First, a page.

Van Gogh •
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Hans Hofmann, one of the great art teachers of our time, was born in Weissenberg, Germany. He
ran away from home when he was sixteen, and in 1898 began to study art in Munich. By 1901, his Impressionist paintings had so impressed a wealthy Berliner that he sent Hofmann to Paris for ten years, paying all his expenses. Hofmann's friends, in Paris, included Matisse, Picasso, and Delaunay; all leaders of the most advanced artistic circle of the period before World War I. Once in Germany, on vacation, in 1914, Hofmann was exempted from military service because of an earlier lung ailment, and in 1915 he opened his own school in Munich. He taught there until 1930 when he was invited to teach two summer sessions at the University of California, and was thus able to escape Hitler and the Nazi strictures upon modern art. Hofmann emigrated from Germany in 1932 and two years later, at the age of fifty-four, he opened a school in New York and then a summer school in Provincetown, Massachusetts. He continued to teach until 1958 when he decided to devote all his time to painting.
Hofmann provided the link between European art of the early twentieth century and the art of post-war America. He arrived steeped in great traditions ranging from the humanism of the Renaissance to the enthusiasms of Matisse and Picasso. His painting was fauvist in color and expressionistic in manner. In 1939, he became one of the first Abstract Expressionists of the New York School and is considered, with Arshile Gorky and Jackson Pollock, a co-founder of the movement. He is the teacher's teacher for today's artists and his influence will no doubt continue on for many years to come.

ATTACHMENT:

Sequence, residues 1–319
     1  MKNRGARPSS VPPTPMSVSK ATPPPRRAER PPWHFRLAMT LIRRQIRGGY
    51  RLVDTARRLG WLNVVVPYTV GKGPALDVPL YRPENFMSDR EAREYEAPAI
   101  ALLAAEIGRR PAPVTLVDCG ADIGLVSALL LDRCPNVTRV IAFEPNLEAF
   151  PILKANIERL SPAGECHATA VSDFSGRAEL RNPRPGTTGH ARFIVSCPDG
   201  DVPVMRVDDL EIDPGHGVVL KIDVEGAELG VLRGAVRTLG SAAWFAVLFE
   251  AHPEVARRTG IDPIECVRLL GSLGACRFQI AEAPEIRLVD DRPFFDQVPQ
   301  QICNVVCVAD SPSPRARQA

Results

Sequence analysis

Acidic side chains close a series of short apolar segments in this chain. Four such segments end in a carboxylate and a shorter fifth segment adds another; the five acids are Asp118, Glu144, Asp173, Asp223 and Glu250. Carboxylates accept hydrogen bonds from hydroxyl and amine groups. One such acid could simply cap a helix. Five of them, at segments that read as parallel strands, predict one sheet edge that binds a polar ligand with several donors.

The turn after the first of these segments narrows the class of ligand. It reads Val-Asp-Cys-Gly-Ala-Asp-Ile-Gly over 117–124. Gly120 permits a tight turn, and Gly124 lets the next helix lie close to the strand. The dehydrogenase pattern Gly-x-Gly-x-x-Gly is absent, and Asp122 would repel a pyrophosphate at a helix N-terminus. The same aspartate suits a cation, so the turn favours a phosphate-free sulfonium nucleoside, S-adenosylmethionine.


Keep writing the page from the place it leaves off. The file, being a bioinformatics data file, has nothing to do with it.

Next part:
Hofmann believed that what an artist felt about his work was more important than the manner in which he painted and as a result his students' work ranged in style from pure realism to complete abstraction. He taught that "creative expression is ... the spiritual translation of inner concepts into form." He thought of paintings as the use of color to create form by oppositions of contrasting colors, of positive planes in negative space, of contraction opposed to expansion, the static to the dynamic. He characterized the tension in any composition as "push and pull," a simple enough summation of the more technical terminology. A forceful, positive, warm personality, Hofmann's long and difficult career encompassed two worlds and two civilizations. He taught artists, art critics, and art historians, and will be long remembered for both his teachings and his works.